Despite a lapse related to the terrorist attack, online media deserve high marks
This column appeared Sept. 20, 2001, in the Online Journalism Review. Here’s the version on the OJR site.
By J.D. Lasica
Are journalism’s ethical rules of the road different in the online medium? This week, once again, the editor of an online publication received a powerful reminder that the answer is: Not really.
Rising Tide Studios, a small New York media company that publishes the Silicon Alley Daily and Digital Coast Daily e-mail newsletters (60,000 subscribers between them) and tech news sites, published a first-person account last Thursday by someone who visited the wreckage of the World Trade Center.
Oh, just one thing. The author, Robert Galinsky, co-founder of the defunct entertainment site Pseudo.com, outlined in his dispatch how he dressed in a hard hat and workman’s clothes the morning after the terrorist attack and lied to get through nine police checkpoints to reach the rescue operation.
The reaction was swift and furious. “We got 12 or 15 e-mails from people who were clearly upset, asking whether we advocated this kind of behavior,” said editor Jason McCabe Calacanis. “Almost immediately, I knew I’d made a mistake in running it. I thought this was something that would help inform our readers about what was going on. But it did send the wrong message that we may have condoned his actions. You don’t want to publish things that could hamper a rescue effort, even in the smallest, most minute way.”
On Monday, after “intense and considerable internal discussion” among the editorial staff, Calacanis published an Editor’s Note apologizing for running the piece. “The Internet is changing some of the rules, and a lot of the rules haven’t been written yet, but this should have been held back no matter the medium,” he said in a phone interview from New York.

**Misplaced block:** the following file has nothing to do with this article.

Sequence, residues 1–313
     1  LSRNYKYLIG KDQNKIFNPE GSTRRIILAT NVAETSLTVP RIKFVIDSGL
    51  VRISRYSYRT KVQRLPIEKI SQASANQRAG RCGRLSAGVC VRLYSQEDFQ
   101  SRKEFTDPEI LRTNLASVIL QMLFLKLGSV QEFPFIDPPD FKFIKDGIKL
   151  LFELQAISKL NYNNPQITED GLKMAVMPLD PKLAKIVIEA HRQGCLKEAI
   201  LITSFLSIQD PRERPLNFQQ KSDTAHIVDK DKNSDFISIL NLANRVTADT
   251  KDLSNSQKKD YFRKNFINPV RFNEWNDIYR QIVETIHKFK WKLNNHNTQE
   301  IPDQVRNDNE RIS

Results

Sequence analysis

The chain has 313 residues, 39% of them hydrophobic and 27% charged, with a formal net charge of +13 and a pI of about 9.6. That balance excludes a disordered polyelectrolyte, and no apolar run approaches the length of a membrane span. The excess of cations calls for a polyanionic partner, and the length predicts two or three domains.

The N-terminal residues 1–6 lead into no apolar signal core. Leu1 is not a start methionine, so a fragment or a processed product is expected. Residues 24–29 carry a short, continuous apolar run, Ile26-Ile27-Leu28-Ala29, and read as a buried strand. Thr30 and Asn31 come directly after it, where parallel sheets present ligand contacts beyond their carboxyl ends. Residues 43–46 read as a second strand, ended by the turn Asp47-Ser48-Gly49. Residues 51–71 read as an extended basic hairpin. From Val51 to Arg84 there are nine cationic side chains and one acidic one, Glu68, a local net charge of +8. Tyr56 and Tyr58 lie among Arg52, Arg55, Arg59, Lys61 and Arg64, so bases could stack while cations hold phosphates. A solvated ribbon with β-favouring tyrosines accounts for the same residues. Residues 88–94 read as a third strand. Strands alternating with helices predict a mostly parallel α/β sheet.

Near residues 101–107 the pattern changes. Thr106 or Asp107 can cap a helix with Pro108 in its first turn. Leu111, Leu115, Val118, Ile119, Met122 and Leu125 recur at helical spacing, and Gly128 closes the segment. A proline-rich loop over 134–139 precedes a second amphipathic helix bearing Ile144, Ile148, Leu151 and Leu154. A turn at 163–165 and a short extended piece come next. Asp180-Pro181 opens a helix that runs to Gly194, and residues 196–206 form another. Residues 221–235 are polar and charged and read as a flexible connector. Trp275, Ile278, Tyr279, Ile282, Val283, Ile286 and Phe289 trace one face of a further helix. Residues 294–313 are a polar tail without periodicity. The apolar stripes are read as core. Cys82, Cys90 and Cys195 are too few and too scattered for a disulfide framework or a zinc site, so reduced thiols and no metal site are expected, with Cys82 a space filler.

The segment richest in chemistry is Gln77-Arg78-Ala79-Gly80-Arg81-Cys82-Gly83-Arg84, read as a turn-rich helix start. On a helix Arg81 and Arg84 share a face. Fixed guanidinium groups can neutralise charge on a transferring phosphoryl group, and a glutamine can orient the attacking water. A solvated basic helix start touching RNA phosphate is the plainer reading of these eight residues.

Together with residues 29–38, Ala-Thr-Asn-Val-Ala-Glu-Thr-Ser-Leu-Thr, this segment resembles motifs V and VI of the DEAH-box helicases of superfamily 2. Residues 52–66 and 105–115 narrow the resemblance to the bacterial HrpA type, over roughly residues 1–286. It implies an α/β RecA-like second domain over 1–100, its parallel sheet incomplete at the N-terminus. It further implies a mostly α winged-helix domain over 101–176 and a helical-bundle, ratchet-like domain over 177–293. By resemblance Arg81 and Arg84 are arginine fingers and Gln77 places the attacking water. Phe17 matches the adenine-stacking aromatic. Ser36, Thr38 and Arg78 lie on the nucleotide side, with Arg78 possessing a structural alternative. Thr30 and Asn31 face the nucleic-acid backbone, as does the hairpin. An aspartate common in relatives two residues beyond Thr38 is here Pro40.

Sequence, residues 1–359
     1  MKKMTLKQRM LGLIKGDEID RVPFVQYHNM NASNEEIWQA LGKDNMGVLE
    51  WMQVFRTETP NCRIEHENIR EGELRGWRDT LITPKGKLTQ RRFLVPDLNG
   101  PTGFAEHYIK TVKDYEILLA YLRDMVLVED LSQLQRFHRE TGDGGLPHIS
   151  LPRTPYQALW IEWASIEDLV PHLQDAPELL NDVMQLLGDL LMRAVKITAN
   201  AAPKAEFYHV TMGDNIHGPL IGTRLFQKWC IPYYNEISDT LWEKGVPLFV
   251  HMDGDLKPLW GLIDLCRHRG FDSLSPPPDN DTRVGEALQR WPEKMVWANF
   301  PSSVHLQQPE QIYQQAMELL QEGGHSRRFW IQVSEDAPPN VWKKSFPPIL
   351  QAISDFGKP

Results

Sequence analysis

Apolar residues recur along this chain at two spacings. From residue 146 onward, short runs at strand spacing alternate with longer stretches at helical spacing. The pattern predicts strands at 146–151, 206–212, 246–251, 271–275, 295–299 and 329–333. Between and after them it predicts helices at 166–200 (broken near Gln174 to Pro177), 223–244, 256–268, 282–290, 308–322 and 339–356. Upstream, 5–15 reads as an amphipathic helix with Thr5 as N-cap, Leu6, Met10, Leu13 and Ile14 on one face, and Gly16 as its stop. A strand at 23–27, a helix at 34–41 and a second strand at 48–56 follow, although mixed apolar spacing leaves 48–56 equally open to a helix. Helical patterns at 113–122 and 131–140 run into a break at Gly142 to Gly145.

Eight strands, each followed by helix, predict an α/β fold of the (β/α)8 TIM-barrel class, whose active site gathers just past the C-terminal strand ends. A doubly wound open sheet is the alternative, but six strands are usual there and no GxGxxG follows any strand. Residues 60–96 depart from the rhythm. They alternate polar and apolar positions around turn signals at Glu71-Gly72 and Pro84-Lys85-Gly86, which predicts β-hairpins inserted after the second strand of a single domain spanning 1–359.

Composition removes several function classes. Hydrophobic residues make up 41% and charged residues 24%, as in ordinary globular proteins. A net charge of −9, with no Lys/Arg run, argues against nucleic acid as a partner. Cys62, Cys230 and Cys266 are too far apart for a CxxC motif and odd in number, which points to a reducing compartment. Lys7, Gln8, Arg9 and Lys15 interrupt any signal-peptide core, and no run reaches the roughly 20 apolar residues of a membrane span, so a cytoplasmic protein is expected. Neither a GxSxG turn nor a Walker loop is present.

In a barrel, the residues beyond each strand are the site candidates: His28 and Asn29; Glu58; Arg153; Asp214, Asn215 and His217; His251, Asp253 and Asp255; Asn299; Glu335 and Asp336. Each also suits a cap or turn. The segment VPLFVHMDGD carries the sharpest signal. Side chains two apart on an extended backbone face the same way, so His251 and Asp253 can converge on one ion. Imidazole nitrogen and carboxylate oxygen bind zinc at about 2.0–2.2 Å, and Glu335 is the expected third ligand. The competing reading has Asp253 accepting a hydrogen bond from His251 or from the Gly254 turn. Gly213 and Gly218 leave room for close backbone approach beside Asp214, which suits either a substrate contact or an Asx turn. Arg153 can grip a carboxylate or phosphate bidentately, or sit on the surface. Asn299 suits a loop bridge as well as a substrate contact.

Calacanis, in a bit of rueful reflection, observed that no one would have complained “if we had edited out the sentence about how he got down there.” (True, but then it would have been dishonest in addition to being reprehensible.) And he said the criticism may have been more muted had they run an editor’s note disavowing Galinsky’s actions but saying they decided to publish it because of intense reader interest in the subject.
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Electronic commerce is here to stay – deal with it
This column appeared March 12, 1999, in the Online Journalism Review. Here’s the version on the OJR site.
By J.D. Lasica
The following column is based on remarks made by the author at the Online Journalism Conference held March 10, 1999, in Berkeley, co-sponsored by Graduate School of Journalism at UC Berkeley and the Annenberg School for Communication at USC. Lasica appeared on the panel “Reestablishing Credibility.”
Last year I appeared at this conference as a panelist addressing online ethics, so it was a little ironic that at the time I was employed by Microsoft.
Since that time I’ve taken a job as senior editor at BabyCenter, a Webby Award-winning startup in San Francisco that is a very rare creature: a new media company committed to traditional journalism values. Our 10-person editorial team is committed to providing high-quality news and information about pregnancy, babies, and parenting. I can’t begin to tell you how satisfying it is to come into work each day and read the latest batch of gushing e-mails from readers telling us how much they love us. That didn’t happen every day at Microsoft.
There’s a second component of our site, the BabyCenter Store, which sells maternity clothes, strollers, toddler outfits and the like, and every day we wrestle with issues over the intersection of retail and editorial credibility. So far, we’ve found the right balance. We’ve built a high level of trust, and we won’t do anything to jeopardize that trust. One of the top priorities on our agenda is to draft a company policy on privacy and editorial ethics, and on Sunday I took a first crack at it, and I think it says something about our philosophy that this is starting with a journalist rather than a marketing person or a lawyer.
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The former CBS and NBC News correspondent decries the news media’s feeding frenzy over Clinton-Lewinsky — and the effect that Matt Drudge has had on news coverage
By J.D. Lasica